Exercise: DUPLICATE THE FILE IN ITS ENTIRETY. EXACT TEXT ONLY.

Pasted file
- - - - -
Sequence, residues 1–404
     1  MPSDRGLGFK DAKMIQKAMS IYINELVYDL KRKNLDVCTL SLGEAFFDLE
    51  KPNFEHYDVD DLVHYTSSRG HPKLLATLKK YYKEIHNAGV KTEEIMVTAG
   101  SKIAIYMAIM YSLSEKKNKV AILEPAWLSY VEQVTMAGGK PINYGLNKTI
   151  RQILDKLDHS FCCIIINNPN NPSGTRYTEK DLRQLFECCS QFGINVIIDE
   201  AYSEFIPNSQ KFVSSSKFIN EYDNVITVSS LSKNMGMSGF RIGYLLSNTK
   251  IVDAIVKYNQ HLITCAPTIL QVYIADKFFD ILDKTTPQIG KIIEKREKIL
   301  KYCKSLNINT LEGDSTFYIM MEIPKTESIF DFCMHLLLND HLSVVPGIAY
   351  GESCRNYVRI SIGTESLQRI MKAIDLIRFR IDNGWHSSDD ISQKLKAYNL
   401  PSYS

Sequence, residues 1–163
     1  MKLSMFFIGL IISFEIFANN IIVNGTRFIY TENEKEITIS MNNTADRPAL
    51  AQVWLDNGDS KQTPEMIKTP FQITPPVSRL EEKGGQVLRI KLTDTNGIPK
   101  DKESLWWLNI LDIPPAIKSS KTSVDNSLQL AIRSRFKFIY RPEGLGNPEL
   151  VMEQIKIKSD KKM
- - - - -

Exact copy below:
Sequence, residues 1–404
     1  MPSDRGLGFK DAKMIQKAMS IYINELVYDL KRKNLDVCTL SLGEAFFDLE
    51  KPNFEHYDVD DLVHYTSSRG HPKLLATLKK YYKEIHNAGV KTEEIMVTAG
   101  SKIAIYMAIM YSLSEKKNKV AILEPAWLSY VEQVTMAGGK PINYGLNKTI
   151  RQILDKLDHS FCCIIINNPN NPSGTRYTEK DLRQLFECCS QFGINVIIDE
   201  AYSEFIPNSQ KFVSSSKFIN EYDNVITVSS LSKNMGMSGF RIGYLLSNTK
   251  IVDAIVKYNQ HLITCAPTIL QVYIADKFFD ILDKTTPQIG KIIEKREKIL
   301  KYCKSLNINT LEGDSTFYIM MEIPKTESIF DFCMHLLLND HLSVVPGIAY
   351  GESCRNYVRI SIGTESLQRI MKAIDLIRFR IDNGWHSSDD ISQKLKAYNL
   401  PSYS

Sequence, residues 1–163
     1  MKLSMFFIGL IISFEIFANN IIVNGTRFIY TENEKEITIS MNNTADRPAL
    51  AQVWLDNGDS KQTPEMIKTP FQITPPVSRL EEKGGQVLRI KLTDTNGIPK
   101  DKESLWWLNI LDIPPAIKSS KTSVDNSLQL AIRSRFKFIY RPEGLGNPEL
   151  VMEQIKIKSD KKM